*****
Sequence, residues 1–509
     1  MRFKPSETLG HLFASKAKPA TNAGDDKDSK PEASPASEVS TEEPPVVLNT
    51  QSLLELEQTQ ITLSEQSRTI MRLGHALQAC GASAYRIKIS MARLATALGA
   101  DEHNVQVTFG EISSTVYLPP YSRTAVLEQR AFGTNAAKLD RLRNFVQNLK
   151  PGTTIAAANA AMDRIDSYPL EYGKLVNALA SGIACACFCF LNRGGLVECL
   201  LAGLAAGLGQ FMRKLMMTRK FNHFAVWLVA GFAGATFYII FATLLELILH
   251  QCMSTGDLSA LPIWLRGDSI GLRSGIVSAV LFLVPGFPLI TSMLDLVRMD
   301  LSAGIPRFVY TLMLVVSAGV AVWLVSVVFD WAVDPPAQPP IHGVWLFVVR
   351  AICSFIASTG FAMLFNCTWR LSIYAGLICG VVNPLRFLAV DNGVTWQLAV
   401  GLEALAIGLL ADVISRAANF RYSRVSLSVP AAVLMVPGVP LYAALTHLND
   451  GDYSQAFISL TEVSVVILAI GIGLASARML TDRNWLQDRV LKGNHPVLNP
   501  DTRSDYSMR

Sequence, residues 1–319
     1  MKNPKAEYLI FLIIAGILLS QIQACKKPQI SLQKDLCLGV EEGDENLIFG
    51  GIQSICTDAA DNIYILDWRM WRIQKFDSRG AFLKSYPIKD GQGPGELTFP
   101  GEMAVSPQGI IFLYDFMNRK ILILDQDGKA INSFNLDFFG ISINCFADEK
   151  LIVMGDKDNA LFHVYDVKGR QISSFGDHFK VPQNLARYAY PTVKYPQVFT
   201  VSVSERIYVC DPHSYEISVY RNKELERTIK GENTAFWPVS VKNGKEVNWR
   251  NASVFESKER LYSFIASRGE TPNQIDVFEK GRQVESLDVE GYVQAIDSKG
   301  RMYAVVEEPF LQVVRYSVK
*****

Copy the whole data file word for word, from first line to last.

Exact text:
Sequence, residues 1–509
     1  MRFKPSETLG HLFASKAKPA TNAGDDKDSK PEASPASEVS TEEPPVVLNT
    51  QSLLELEQTQ ITLSEQSRTI MRLGHALQAC GASAYRIKIS MARLATALGA
   101  DEHNVQVTFG EISSTVYLPP YSRTAVLEQR AFGTNAAKLD RLRNFVQNLK
   151  PGTTIAAANA AMDRIDSYPL EYGKLVNALA SGIACACFCF LNRGGLVECL
   201  LAGLAAGLGQ FMRKLMMTRK FNHFAVWLVA GFAGATFYII FATLLELILH
   251  QCMSTGDLSA LPIWLRGDSI GLRSGIVSAV LFLVPGFPLI TSMLDLVRMD
   301  LSAGIPRFVY TLMLVVSAGV AVWLVSVVFD WAVDPPAQPP IHGVWLFVVR
   351  AICSFIASTG FAMLFNCTWR LSIYAGLICG VVNPLRFLAV DNGVTWQLAV
   401  GLEALAIGLL ADVISRAANF RYSRVSLSVP AAVLMVPGVP LYAALTHLND
   451  GDYSQAFISL TEVSVVILAI GIGLASARML TDRNWLQDRV LKGNHPVLNP
   501  DTRSDYSMR

Sequence, residues 1–319
     1  MKNPKAEYLI FLIIAGILLS QIQACKKPQI SLQKDLCLGV EEGDENLIFG
    51  GIQSICTDAA DNIYILDWRM WRIQKFDSRG AFLKSYPIKD GQGPGELTFP
   101  GEMAVSPQGI IFLYDFMNRK ILILDQDGKA INSFNLDFFG ISINCFADEK
   151  LIVMGDKDNA LFHVYDVKGR QISSFGDHFK VPQNLARYAY PTVKYPQVFT
   201  VSVSERIYVC DPHSYEISVY RNKELERTIK GENTAFWPVS VKNGKEVNWR
   251  NASVFESKER LYSFIASRGE TPNQIDVFEK GRQVESLDVE GYVQAIDSKG
   301  RMYAVVEEPF LQVVRYSVK